Kimberly Drew took the fine art establishment’s racist and sexist biases to task in September, when she tweeted that she would leave her job as a social media manager for The Metropolitan Museum of Art:


The outspoken blogger and arts activist discussed her career and views on the art world on yesterday’s (November 7) episode of “What’s Good with Stretch & Bobbito.” Drew specifically addressed how museums like The Met need to radically change the ways they engage with audiences from marginalized communities:

A lot of the change that I’m particularly obsessed with right now is especially along the lines of accessibility, in terms of making sure that people of all levels of ability feel like they can come into a museum. So that’s not just socioeconomic, that’s not just racial. That’s physical ability as well. One thing is a marketing issue, and I’m also an ex-marketing professional as of Friday. But I do think that there’s a way that museums don’t have the tools for talking about themselves really well. A lot of press releases are like, “we’re the first and the best!” And it’s like, “No one cares! What do you have and how do I get there?” Just looking at the lack of information for real people, a curious audience, I don’t think there’s always that extension in a way that is necessary.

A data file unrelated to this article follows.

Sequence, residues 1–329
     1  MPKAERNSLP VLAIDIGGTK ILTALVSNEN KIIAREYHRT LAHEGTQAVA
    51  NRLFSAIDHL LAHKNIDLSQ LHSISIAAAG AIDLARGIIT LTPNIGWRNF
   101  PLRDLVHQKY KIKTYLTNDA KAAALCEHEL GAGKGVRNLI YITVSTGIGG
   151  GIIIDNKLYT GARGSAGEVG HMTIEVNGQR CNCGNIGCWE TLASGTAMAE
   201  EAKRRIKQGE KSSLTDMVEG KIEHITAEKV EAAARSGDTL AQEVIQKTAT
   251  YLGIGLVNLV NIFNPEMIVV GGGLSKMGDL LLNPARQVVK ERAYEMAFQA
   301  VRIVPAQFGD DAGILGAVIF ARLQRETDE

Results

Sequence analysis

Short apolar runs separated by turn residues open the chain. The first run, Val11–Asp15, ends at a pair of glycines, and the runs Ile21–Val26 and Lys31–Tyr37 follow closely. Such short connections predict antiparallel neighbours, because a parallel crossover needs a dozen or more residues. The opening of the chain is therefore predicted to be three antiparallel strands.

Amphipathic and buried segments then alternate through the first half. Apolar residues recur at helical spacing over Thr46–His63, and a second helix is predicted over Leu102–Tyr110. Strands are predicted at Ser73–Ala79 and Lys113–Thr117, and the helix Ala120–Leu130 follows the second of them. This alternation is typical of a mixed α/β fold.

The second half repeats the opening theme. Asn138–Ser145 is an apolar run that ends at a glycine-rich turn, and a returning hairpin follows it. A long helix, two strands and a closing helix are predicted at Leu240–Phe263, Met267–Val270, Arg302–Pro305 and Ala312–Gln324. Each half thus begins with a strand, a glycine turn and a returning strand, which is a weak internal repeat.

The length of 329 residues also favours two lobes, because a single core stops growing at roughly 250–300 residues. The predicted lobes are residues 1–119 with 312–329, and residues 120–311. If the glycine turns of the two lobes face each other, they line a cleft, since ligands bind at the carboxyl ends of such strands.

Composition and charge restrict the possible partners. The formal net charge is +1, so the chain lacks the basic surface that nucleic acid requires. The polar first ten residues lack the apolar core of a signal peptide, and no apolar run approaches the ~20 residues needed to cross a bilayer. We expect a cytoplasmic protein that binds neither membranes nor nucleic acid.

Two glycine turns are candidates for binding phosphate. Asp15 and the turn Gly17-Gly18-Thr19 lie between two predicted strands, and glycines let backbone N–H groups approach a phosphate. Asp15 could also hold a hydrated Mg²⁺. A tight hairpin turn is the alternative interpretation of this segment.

Listen to the full episode for more of Drew’s reflections: